City and community leaders appear to be stopped at a red light – hopefully just temporarily – in a plan seeking to get traffic lights across the city functioning in unison to help traffic flow smoother and alleviate congestion at peak times.
Work on the project began late last year when Tupelo leaders hired engineering firm Neel-Schaffer to conduct a comprehensive study of traffic patterns and signal light timing along the Main Street corridor between the intersection of Coley Road and Briar Ridge Road.
The study, which was estimated to cost nearly $187,000, was to be paid for using funds from the Major Thoroughfare Program, which receives funding from a 10-mill tax levy paid by Tupelo residents. Last spring, voters renewed the program for its sixth phase.
Since 1991, the program has widened and improved the city’s major roadways and even built some new ones to alleviate traffic congestion.
And while the MTP had in the past focused strictly on the construction of new roads, its members agreed to include a traffic signalization study on the project priority list with the goal of helping traffic flow on the city’s two biggest arterial roadways – Main and Gloster streets.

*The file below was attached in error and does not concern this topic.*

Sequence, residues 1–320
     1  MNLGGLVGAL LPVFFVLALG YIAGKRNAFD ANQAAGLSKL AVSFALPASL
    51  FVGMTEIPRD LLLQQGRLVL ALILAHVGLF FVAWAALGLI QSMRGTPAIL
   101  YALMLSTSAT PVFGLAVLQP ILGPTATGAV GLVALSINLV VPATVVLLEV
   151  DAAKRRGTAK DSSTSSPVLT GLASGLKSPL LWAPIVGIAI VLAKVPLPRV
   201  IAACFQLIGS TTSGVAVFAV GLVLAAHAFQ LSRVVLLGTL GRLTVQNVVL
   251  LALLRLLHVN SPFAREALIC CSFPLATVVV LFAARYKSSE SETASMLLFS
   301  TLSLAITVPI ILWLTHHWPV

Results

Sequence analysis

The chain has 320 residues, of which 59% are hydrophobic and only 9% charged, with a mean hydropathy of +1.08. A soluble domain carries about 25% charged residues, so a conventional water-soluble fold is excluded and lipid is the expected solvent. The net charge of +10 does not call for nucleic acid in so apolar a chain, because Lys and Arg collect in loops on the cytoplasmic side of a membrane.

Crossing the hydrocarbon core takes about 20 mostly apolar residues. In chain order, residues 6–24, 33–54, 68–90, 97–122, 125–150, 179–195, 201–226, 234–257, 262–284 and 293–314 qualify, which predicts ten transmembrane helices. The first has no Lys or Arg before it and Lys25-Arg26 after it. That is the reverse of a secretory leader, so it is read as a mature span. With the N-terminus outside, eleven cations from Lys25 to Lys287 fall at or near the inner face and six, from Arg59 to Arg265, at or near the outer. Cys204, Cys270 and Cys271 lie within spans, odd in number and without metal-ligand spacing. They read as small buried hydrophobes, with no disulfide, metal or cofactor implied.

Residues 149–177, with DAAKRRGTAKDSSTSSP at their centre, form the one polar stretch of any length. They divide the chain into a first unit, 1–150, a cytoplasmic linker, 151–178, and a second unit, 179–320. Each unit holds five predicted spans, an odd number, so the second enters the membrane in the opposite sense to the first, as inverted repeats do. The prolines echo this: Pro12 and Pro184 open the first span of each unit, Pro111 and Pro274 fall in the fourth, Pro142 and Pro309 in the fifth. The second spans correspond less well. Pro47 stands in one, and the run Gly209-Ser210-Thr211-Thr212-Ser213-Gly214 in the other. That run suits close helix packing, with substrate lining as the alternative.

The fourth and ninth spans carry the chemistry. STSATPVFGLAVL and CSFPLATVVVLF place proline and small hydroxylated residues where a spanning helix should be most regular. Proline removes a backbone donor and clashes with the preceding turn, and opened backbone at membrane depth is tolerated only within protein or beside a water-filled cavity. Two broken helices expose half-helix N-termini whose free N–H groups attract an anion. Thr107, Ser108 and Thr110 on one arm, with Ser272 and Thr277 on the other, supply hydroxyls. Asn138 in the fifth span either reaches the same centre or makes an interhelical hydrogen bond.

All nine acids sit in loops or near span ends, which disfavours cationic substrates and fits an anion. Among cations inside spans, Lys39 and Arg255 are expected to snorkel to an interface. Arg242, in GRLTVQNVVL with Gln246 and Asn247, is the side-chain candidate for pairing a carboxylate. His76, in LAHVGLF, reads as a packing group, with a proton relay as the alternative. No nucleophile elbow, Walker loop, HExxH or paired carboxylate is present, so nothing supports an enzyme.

Neel-Schaffer presented a preliminary report to city officials nearly a month ago. Mayor Jason Shelton’s administration, however, found the recommendations more ambitious and more costly than expected. The administration remains in talks intended to produce a more modest package of upgrades, as reported by the Daily Journal’s local government reporter Caleb Bedillion.
Following those discussions, members of the MTP committee received some somewhat unexpected news when they learned that once the traffic study is completed, installation of additional infrastructure may be needed to implement a fully optimized set of traffic lights.
MTP committee members stated a different recollection of what they were told would be happening, saying they believed the study would include a plan that could easily be implemented without additional spending.
The issue at hands comes with how the traffic lights across the city communicate with each other. Not all lights in the city have the capability to do this currently, so it’s possible that upgrades need to be made to allow that function to take place.
Based on remarks made this week, MTP leaders do not feel this point was clearly communicated.
City leaders plan to deliver a report to MTP leadership early in June that will detail proposed upgrades and estimated costs.
There appears to have been a breakdown in communication along the way with what leaders from both entities believed would be happening and the next steps needed. While that’s certainly unfortunate, we urge those leaders to move past the miscommunication issues and formulate a reasonable plan that will allow this project to become a reality – even if that means spanning it over more time than originally allotted.
Speedbumps are inevitable with a project of this scope, but we hope progress can be made to ensure something as significant as traffic flow through our major roadways is addressed.